Wednesday, May 12, 2010

When Compliments Cause Grief

`Who's making personal remarks now?' the Hatter asked triumphantly. ~from Lewis Carroll's Alice in Wonderland
The Wall Street Journal has a thought-provoking article about how compliments can hurt, saying:
Ah, compliments. We crave them, especially from certain people. We bridle when we don't receive them and chafe when they are backhanded. We often have trouble accepting them graciously. Yet we remember the good ones, and the backhanded ones, for a very, very long time.
As children, most of us were taught by our mothers and teachers that offering up a flattering remark to someone else is easy. Sadly, that was a lie. In the real world, there's a fine art to giving—and receiving—a well-tailored compliment.
 Advice is given on how to give a worthy compliment:
• Be sincere. (Enough said.)
• Be selective. Think Goldilocks: You don't want your compliment to be too big or too small. You want it to be just right.
• Be specific. Don't say: "You look pretty today." Say: "That sweater really brings out the color of your eyes."
• Show impact. Tell the person how they have positively affected you. So instead of "I like your column today, Elizabeth, try: "Your story made me run right out and compliment a stranger."
• Just say thank you. When you receive a compliment, be gracious, not self-deprecating. Take the remark for what you want it to be. And don't worry about praising the person in return. It's a compliment, not a volley.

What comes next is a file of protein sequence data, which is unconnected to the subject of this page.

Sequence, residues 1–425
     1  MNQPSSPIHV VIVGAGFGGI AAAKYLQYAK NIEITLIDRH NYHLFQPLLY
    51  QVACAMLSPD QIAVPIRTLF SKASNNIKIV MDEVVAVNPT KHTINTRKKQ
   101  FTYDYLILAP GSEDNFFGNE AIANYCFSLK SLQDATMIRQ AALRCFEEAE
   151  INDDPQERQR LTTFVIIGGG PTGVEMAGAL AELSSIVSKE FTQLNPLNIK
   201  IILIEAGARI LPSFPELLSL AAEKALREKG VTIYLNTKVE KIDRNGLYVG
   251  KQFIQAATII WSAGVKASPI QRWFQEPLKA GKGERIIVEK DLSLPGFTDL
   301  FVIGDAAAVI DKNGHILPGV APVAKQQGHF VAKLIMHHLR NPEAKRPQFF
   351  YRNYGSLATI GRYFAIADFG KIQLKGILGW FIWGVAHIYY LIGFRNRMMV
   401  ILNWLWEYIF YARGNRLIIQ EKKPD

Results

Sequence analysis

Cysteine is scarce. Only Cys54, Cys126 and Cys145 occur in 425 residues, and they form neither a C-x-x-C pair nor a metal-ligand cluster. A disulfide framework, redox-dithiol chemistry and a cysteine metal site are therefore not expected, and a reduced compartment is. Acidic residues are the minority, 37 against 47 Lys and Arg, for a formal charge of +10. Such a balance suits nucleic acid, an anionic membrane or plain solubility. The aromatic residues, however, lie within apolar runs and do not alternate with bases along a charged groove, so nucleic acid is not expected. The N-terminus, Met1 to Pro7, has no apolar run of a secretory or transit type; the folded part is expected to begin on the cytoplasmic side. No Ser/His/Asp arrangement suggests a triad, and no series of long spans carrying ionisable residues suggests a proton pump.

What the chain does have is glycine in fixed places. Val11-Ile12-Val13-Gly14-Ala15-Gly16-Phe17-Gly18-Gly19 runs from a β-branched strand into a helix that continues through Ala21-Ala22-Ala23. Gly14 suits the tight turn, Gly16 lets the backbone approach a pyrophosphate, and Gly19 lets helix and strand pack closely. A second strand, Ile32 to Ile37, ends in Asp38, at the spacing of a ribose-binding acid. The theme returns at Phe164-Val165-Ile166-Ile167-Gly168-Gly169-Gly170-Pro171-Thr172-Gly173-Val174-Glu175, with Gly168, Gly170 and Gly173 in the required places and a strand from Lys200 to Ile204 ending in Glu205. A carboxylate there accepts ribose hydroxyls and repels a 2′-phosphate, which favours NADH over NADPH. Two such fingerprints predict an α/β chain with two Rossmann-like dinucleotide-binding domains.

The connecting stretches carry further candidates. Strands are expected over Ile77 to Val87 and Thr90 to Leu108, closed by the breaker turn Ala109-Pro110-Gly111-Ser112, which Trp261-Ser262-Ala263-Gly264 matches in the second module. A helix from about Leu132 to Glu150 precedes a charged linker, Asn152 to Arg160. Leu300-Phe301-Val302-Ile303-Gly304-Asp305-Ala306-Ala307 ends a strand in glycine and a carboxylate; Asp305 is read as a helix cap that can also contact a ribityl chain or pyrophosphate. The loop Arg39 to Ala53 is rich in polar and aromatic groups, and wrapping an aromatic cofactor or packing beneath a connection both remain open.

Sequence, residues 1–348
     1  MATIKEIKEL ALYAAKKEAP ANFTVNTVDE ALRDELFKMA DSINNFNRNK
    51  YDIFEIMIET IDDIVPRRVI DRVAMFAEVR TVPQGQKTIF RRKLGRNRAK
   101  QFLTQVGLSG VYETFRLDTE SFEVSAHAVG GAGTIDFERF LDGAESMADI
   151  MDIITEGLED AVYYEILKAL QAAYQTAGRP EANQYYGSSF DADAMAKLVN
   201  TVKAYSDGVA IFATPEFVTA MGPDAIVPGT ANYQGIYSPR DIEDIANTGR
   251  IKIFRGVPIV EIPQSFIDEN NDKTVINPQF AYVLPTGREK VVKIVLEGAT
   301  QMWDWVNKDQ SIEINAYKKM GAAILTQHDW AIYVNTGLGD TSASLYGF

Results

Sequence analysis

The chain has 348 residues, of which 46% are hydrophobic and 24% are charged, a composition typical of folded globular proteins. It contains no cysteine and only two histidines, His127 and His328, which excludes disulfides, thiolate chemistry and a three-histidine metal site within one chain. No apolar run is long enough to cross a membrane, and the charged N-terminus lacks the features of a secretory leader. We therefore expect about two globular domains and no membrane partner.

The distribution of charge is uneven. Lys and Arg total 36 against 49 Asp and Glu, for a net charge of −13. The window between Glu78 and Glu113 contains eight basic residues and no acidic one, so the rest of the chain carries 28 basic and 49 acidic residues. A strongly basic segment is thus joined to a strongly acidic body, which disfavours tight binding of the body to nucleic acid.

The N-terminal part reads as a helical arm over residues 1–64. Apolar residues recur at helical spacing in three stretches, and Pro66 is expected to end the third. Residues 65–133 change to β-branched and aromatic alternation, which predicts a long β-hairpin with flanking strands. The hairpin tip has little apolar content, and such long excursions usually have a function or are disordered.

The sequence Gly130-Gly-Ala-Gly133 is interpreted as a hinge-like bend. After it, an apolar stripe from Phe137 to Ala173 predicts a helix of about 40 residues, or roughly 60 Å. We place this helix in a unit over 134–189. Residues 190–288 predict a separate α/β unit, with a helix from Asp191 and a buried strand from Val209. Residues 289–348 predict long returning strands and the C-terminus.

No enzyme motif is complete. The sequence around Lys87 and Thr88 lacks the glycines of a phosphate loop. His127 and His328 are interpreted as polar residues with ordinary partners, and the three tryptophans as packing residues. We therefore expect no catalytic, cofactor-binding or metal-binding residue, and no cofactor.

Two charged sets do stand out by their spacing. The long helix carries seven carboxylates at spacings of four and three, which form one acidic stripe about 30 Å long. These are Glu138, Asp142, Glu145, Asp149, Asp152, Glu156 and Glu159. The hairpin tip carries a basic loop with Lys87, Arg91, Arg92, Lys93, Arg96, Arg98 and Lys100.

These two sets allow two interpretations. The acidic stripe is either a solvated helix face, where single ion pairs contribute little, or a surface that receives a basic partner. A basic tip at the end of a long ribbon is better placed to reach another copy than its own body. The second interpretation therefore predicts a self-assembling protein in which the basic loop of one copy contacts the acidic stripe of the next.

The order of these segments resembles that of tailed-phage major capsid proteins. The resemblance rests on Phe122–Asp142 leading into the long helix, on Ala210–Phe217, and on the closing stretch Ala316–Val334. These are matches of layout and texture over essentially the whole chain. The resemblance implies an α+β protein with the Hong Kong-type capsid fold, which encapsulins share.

It is good to keep in mind the old practice of being careful of not making remarks that are too personal, even kind remarks, to anyone, especially to those who are mere acquaintances. According to Emily Post:
  Personal compliments, however, are proper only from a close friend. No acquaintance, unless she is quite old, should ever make personal remarks. An old lady or gentleman might very forgivably say “You don’t mind, my dear, if I tell you how sweet I think you look,” or “What a pretty frock you have on.” But it is bad taste for a young woman to say to another “What a handsome dress you have on!” and worst of all to add “Where did you get it?” The young girl’s particular friends are, of course, apt to tell her that her dress is wonderful, or more likely, “simply divine.”


Enbrethiliel said...


Very interesting! Sometimes I think that the original good advice was, "If you can't say anything nice, don't say anything at all"--and that it was taken to mean, "Be sure to say something nice!"

I like Emily Post's advice very much. I know I'm very uncomfortable when people I barely know give me personal compliments--and of course I wondered whether there was something wrong with me for my ungracious acceptance of the generous praise of another, because I could understand it was sincere. But it's true that personal remarks can put one on the spot, even when they are complimentary, and may achieve the opposite of their intended aim.

Julygirl said...

Useful information! Any advice or information on how to interact with one another is desperately needed in this day and age, but those who need it most do not avail themselves of it.

elena maria vidal said...

Yes, ladies, there is so much our society has forgotten about basic human interaction.